Tuesday, July 24, 2012

Czechia wins the European alcohol contest

The London Olympic Games only start on Friday but Reuters has already handed out the most important medals:
Spirited Traveler: The party doesn't stop in Prague
Czechia has Europe's largest amount of alcohol drunk by an average person, 16.6 liters per capita and per year, the World Health Organization proudly reported. When I try to think about it, it's somewhat sick especially if the average includes children (I am not sure whether it does).

Yes, it is true that while I was in Massachusetts, it was normal to go to a law school canteen and expect folks to buy no beer for lunch. The beer is a healthy multi-compound for many reasons. But what my compatriots are doing may be too much of a good thing.

I think that my personal average consumption doesn't go too much above 0.5 liters of beer a day. Sometimes I add a wine or a rum but it's rare and sometimes I miss my daily beer. That's 180 liters of beer per year. Let's say it's the equivalent of 200 liters per beer when the other beverages are included. Multiply it by 4%, the alcohol content (because I usually don't drink the strongest beers), and you get only 8 liters per year.

Now, if the average person has 16.6 liters and if there are inevitably many people who don't drink (or who almost don't drink), the people who do drink must have quite some consumption! ;-)

Needless to say, my hometown is the global epicenter of this activity. A century ago, we would already have four major breweries in town, with complicated names describing the form of ownership. Their products would soon or later become known as Urquell, Gambrinus, Světovar, and Prior, respectively. Prior stopped production already during the first capitalist republic.

An instruction manual from around 1900 explained how to efficiently drink Pilsner Urquell.

But as I told you in April, it's not just beer that heavily flows out of Pilsen. It's also stronger beverages such as Fernet and the Domestic Rum that another factory in Pilsen, also a kilometer from my home, is famous for. You can't be surprised that with this inflow of \(CH_3 CH_2 OH\) into our bodies, we're sometimes doing silly things – although arguably less silly things than the members of the nations with a strict discipline.

For example, artist David Černý – the author of Entropa, a swimming dead Saddam, and dozens of other similar fancy works – has constructed his least controversial piece of art yet. It is a mascot of the London Olympic Games, a groaning double decker who is doing push-ups. ;-)

The sculpture is already a great attraction at the Czech house.

I do think that alcohol is killing neural cells. But it may sometimes help to make you smarter by natural selection – because the least viable neural cells may be the first ones to go. :-) But alcohol also makes one friendlier and his or her view of the world smoother, more fuzzy, and therefore emphasizing the big-picture patterns.


  1. For the Canadian provinces there seems to be a positive correlation between alcohol consumption and both the average age and sex ratio of the province. That is, the places where young men go to work have the highest consumption. Not really suprising. Does Czechia have a male dominated young population relative to the rest of Europe?

    Are the young men moving there for work or in the hopes of meeting Denise Milani's sister?

  2. Wow, respect ! Ireland shouldn't be too far behind so watch it !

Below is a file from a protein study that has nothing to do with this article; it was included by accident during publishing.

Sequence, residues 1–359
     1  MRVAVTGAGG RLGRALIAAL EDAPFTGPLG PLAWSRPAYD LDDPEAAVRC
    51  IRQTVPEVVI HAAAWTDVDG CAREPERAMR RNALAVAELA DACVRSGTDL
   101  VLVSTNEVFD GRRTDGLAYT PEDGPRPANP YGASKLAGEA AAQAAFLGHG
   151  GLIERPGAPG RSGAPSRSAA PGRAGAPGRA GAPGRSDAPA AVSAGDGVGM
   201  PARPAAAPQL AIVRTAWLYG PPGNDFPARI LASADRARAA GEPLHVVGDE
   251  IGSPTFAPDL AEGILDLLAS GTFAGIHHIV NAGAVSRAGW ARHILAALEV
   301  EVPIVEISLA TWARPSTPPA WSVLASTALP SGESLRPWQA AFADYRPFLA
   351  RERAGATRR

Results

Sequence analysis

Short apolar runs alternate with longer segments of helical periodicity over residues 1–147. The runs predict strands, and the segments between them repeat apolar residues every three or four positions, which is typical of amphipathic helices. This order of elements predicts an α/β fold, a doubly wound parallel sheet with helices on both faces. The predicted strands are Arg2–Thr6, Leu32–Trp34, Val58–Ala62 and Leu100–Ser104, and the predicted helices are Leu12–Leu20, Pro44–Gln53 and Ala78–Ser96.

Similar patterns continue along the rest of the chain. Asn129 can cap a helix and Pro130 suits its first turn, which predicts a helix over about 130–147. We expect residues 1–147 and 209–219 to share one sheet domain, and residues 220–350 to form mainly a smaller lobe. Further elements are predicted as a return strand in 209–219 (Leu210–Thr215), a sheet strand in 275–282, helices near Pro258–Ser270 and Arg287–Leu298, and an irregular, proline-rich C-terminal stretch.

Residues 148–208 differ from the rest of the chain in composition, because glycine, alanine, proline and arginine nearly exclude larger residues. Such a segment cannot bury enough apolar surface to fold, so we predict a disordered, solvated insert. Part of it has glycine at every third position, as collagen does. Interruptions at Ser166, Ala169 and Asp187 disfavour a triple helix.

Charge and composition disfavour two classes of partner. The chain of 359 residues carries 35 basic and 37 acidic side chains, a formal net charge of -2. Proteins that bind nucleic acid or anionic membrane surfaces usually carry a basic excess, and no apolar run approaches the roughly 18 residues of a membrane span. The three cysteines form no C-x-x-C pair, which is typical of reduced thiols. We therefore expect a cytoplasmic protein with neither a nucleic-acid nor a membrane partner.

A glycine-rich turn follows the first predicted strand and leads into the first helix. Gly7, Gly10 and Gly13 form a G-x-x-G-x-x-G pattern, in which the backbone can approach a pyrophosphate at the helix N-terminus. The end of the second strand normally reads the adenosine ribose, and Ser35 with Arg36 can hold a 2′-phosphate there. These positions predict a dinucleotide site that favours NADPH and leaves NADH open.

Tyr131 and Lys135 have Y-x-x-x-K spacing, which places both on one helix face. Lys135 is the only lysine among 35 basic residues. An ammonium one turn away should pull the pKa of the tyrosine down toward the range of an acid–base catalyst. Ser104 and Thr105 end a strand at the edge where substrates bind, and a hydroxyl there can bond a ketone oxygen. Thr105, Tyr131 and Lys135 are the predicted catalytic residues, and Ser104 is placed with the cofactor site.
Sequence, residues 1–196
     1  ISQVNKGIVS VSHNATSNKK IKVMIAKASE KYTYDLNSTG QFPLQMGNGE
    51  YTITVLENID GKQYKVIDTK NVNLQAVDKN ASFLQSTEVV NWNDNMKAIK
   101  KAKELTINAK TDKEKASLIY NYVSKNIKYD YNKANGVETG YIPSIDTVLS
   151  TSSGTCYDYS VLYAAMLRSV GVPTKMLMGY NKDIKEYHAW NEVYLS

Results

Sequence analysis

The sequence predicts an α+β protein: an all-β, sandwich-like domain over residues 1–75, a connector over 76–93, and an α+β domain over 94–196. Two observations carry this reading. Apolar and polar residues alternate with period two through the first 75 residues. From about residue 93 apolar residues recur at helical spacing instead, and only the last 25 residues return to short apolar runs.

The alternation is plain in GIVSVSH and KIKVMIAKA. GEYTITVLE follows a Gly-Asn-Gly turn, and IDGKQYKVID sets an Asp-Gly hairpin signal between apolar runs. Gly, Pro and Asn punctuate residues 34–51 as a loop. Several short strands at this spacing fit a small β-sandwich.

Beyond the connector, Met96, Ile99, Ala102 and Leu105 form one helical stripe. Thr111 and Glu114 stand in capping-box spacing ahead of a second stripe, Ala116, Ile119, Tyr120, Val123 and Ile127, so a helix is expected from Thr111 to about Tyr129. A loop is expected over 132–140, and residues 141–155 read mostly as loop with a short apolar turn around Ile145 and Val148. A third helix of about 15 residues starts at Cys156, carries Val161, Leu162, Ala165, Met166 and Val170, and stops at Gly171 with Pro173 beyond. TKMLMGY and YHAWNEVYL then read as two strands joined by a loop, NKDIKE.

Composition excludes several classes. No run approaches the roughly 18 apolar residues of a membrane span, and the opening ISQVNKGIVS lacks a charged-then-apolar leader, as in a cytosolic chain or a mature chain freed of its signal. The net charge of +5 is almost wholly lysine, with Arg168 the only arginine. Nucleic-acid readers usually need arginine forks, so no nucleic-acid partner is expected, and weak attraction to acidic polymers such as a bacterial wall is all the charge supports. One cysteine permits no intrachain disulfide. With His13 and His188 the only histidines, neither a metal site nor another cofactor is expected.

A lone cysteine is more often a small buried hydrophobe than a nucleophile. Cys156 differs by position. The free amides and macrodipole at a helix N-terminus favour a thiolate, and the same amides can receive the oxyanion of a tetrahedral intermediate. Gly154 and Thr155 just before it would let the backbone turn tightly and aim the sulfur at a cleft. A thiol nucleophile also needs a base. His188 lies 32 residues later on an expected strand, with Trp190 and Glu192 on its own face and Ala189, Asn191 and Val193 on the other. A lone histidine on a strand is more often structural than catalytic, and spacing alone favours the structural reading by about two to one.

3. Many, many years ago, as I watched a friend empty the contents of a large salt shaker into a pitcher of beer we were sharing, he told me that he had been to the doctor recently. The doctor had told him that he'd have to stop drinking, or he'd die. He said, "You mean I can't even have a beer once in a while?" The doctor said, "Oh, no, I don't mean that. You can have a beer once in a while. How often is once in a while?" My friend, putting on a meek tone, replied, "About a six-pack a day?"

  4. Alcohol does kill brain cells, Lubos, and consuming way too much alcohol
    on a daily basis, as Smoking Frog's friend does, will eventually lead
    to hepatic encephalopathy, secondary to liver failure. Hepatic
    encephalopathy is irreversible and it's only a matter of time before
    it'll kill you. And because people with this disease develop a psychotic
    form of dementia, which is nearly impossible to control and treat, it's
    a most terrible way to die, at least for the people around you.

    And needless to say, Smoking Frog, your friend who drinks a six-pack
    a day would be wise to take his doctor's advice and stop drinking. But
    before he goes cold turkey on the sauce, his doctor should prescribe him
    a daily, and fairly high, dose of ativan for a week or so to suppress
    withdrawal symptoms, i.e. delirium tremens (also called DTs). And if
    oral ativan doesn't suppress the DTs, he needs to check into a hospital
    and be put on IV ativan, pronto. Uncontrolled DT's quite often leads to
    uncontrolled seizures, which are life threatening. This is why most
    patients with uncontrolled DTs are shipped to an ICU and put on a
    ventilator for airway protection.

    Take home message, as Gordon would probably agree, alcohol withdrawal is something that you should never take lightly.

  5. I'm not normally against Czechs, but this David Czerny idiot needs to be pushed under a bus, preferably his own. Having just gone to see Prometheus the movie, its clear that the modern intellectual zeitgeist has reached past the bottom of the barrel and broken through into a negative value. Something must be done. For a start, honest Czechs should rise up and hang Czerny from his balcony as a warning to others.

  6. It's hard to define someone who is more conservative than me but if one sees one such as you, James, he knows that it's the real deal. ;-)